Because this was a Family Tour there were some unusual activities for kids. One that we enjoyed in Paris was learning to play Petanque, which is a lot like the British game of Boule.........maybe more like bowling in America. It means in French, literally, "put your ankle" and you throw a heavy ball trying to hit another ball without doing something.....I got cloudy on the rules once they brought out French pastries to nibble on while we played. I nibbled more than I played. Beaven kept his British hat and cut a very Continental pose. I was distracted by knowing there were pastries on the bench right behind me.
A day earlier some madman n Orlando, Florida had attacked a bunch of people at a gay nightclub and killed a lot of people. We were feeling very sad and disconnected. Then we saw the Paris municipal office with the rainbow flag on display in solidarity. We would later see this same thing in Florence and Rome.
We went to the Louvre and saw all the standard stuff like the Mona Lisa and such. The biggest attraction for the Els family, however, was the bathroom at the Louvre. Notably, (thanks to our guide's advice) the Japanese Spa treatment for an extra Euro payment. For this extra payment you get not just the regular clean bathroom but an "extra" clean and "sanitized" bathroom plus a built-in bidet which was much better than the ones the bathrooms had. (And by the end of the trip we were experts on bidets.) You could also buy colored toilet paper there--which Essie did, and later found out it was also scented. OK, yes, we go to the most famous art museum in the world and bring home toilet paper.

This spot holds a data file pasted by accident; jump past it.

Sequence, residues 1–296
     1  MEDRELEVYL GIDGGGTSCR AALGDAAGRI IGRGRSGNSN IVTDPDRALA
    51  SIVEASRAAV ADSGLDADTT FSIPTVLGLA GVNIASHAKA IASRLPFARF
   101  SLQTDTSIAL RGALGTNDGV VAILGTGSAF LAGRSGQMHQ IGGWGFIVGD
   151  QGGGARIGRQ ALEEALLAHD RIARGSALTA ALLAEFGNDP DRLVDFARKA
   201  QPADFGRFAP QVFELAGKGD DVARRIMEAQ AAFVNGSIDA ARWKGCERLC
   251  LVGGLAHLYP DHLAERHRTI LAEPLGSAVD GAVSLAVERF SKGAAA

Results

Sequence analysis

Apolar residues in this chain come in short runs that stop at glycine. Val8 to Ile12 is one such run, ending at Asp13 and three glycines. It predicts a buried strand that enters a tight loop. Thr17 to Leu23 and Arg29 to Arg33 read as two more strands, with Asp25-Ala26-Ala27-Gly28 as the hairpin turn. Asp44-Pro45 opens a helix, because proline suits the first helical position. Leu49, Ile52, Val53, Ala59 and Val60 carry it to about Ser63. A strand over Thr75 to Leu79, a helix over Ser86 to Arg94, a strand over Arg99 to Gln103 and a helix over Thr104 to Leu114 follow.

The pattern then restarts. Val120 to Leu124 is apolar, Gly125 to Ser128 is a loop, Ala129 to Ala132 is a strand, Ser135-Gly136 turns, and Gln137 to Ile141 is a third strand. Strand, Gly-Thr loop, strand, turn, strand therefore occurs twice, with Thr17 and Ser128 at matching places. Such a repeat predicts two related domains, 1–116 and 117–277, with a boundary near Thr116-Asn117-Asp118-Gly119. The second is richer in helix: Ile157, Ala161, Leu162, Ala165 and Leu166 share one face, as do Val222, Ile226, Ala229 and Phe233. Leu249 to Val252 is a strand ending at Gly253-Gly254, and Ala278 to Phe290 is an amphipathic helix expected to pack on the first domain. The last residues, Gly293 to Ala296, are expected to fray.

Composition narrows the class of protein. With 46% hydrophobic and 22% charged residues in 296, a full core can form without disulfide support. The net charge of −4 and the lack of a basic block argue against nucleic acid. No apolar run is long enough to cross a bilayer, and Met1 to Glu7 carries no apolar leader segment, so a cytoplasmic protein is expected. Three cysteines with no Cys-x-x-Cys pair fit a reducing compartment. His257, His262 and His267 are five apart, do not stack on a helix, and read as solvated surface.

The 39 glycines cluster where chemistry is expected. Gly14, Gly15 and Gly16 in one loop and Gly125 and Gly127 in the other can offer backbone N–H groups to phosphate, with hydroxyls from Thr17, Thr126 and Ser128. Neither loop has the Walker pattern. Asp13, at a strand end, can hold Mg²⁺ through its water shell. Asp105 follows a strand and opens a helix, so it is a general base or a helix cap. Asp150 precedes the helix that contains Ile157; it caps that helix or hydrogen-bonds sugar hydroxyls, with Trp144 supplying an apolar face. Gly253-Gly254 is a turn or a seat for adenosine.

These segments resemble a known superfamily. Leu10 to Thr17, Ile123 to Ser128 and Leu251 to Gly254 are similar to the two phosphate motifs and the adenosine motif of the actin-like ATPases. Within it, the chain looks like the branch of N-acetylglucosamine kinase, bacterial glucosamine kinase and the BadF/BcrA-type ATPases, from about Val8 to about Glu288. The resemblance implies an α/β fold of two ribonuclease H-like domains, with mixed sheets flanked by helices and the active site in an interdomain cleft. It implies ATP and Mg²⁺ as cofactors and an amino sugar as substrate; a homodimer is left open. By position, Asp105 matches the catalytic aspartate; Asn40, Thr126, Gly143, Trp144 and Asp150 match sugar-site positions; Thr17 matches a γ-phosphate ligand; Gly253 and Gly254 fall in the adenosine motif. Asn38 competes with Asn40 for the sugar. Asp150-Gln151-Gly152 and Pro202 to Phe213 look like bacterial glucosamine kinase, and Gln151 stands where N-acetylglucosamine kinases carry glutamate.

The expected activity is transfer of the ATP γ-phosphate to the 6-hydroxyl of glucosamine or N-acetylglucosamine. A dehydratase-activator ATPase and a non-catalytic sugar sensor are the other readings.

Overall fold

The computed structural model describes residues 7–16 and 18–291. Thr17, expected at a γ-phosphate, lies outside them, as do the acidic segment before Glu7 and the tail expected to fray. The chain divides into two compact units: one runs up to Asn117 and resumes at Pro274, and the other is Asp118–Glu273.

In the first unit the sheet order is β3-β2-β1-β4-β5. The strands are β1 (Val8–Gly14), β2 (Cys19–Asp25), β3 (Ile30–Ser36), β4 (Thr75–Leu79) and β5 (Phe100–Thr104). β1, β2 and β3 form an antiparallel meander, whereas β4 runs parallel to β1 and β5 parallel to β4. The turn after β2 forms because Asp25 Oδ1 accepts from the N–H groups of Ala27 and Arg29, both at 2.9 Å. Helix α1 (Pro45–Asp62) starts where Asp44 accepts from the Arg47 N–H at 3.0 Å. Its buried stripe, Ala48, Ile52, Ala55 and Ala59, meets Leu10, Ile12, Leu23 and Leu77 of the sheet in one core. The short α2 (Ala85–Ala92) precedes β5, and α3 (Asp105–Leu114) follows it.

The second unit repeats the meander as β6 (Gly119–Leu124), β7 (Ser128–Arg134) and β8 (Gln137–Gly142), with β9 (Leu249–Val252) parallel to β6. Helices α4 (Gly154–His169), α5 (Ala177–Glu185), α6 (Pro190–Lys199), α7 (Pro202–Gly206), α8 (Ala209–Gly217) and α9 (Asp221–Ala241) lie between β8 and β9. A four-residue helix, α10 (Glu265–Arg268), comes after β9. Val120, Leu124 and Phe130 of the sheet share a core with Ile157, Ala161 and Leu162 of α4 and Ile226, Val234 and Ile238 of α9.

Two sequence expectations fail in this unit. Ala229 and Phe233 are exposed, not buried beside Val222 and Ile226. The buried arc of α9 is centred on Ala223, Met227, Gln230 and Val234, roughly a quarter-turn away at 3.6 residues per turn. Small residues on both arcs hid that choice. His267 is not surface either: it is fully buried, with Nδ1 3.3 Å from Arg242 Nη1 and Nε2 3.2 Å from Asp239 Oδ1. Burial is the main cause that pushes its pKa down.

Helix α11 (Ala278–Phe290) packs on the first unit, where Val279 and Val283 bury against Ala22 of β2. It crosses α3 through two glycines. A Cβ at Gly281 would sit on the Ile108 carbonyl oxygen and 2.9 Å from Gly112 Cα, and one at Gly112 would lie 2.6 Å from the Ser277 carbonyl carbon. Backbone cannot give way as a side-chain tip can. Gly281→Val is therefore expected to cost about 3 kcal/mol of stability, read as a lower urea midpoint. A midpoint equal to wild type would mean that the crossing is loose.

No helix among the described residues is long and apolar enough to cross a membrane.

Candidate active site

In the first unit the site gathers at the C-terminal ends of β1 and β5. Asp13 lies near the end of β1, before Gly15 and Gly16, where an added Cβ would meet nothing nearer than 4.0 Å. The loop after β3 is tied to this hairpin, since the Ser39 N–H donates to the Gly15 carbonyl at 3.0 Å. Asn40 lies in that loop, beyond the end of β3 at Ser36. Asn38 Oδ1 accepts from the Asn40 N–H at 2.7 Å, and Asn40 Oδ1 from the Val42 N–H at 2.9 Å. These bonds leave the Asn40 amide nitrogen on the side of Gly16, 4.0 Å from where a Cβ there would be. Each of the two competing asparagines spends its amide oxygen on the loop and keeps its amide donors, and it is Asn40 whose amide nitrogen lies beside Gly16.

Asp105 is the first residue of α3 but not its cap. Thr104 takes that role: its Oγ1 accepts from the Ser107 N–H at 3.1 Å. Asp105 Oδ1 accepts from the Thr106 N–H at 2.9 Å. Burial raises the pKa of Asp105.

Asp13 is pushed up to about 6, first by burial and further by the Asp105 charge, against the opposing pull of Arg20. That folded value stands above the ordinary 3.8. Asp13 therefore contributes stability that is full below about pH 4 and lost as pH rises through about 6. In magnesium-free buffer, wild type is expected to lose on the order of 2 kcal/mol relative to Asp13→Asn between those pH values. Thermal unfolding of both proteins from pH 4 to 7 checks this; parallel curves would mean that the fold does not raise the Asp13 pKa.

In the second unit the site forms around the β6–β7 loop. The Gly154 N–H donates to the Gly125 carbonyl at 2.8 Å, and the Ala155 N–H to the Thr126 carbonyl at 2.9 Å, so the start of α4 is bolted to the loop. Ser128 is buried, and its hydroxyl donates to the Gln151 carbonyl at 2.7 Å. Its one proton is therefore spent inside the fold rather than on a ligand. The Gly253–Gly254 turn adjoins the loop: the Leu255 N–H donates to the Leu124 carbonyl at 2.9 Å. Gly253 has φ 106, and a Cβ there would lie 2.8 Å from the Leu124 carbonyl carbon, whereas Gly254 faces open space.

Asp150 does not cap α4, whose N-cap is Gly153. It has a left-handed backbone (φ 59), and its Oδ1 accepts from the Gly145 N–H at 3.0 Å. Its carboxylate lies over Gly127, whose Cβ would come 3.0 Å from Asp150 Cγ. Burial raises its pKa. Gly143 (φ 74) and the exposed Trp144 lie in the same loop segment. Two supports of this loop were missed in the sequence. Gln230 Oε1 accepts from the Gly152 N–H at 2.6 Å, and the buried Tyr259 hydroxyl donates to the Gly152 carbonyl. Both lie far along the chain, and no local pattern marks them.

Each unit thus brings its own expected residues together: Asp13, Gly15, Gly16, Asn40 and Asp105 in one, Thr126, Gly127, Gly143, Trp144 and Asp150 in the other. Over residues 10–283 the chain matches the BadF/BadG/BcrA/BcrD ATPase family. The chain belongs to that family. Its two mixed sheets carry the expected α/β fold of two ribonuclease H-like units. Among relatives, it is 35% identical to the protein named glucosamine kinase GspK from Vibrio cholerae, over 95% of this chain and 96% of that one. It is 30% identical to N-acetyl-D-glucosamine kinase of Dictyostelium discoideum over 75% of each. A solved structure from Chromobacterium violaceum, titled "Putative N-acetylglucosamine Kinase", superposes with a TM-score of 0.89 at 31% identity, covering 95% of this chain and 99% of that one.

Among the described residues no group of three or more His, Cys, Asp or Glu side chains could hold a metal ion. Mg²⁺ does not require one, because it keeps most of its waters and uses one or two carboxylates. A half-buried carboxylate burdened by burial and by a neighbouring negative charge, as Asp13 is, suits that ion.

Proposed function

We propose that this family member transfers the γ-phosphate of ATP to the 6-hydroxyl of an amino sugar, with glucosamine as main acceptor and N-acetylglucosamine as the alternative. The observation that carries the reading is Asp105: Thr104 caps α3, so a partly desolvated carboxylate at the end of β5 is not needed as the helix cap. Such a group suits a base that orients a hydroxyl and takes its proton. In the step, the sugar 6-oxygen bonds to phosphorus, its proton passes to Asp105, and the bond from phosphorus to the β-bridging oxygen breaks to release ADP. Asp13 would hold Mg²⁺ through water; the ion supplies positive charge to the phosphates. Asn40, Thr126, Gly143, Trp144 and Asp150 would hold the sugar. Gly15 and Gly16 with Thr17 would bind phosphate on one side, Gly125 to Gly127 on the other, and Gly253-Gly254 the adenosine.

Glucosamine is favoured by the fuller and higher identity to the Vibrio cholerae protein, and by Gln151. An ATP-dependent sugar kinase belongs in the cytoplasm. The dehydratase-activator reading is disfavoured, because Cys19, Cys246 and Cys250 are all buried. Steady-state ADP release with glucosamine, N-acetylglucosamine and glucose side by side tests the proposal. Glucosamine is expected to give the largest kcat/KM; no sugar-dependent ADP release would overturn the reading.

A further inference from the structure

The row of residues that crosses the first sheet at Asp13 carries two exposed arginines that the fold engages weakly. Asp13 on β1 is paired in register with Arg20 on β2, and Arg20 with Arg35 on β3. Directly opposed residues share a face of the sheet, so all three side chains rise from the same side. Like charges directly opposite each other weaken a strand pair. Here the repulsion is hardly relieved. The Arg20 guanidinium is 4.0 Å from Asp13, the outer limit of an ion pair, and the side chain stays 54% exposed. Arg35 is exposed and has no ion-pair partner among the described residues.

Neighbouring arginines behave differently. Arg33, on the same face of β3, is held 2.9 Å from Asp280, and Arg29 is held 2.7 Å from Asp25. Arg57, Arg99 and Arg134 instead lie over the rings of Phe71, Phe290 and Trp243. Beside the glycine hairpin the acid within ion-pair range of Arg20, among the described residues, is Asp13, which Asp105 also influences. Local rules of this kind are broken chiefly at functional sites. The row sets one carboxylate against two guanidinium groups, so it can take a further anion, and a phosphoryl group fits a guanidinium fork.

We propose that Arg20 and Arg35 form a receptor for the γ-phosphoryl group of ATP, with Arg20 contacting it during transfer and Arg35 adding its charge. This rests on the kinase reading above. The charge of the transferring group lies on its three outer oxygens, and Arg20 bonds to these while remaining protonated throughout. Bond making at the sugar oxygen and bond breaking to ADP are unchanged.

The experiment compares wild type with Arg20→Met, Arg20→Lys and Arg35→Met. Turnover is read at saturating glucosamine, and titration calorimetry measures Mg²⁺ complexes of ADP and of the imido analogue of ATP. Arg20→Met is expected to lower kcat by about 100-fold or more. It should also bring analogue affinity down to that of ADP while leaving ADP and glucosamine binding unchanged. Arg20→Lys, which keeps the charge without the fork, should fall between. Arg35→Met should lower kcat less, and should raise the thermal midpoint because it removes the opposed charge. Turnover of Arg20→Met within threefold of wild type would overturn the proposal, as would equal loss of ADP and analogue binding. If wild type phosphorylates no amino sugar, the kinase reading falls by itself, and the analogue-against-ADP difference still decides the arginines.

We split up once which only meant that I got lost and it took them an hour to find me. But I had some great moments with Michaelangelo's Prisoners.
After Paris We traveled to Burgundy to a villa for a couple of days.
For dinner that evening our guide wanted everyone to get to know each other so she encouraged all to dance. She brought in a local accordionist to play for us and later that evening a guy came and played the Alpenhorn.
I can't add the video of the alpenhorn or the accordion yet. I'll have to do it later.
Then we went to Switzerland.
Believe it or not this is the ONLY photo we got of all five of us together. We're not very good tourists. This was before we went inside the Trummelbach Falls--a waterfall inside a mountain.
I can't get the video of inside the waterfall inside a mountain to post......and I'm only half-way through the vacation and this blog already posted accidentally. So I'll fix the typos and let you have it. Then I'll post the second half of the vacation later. Stay tuned.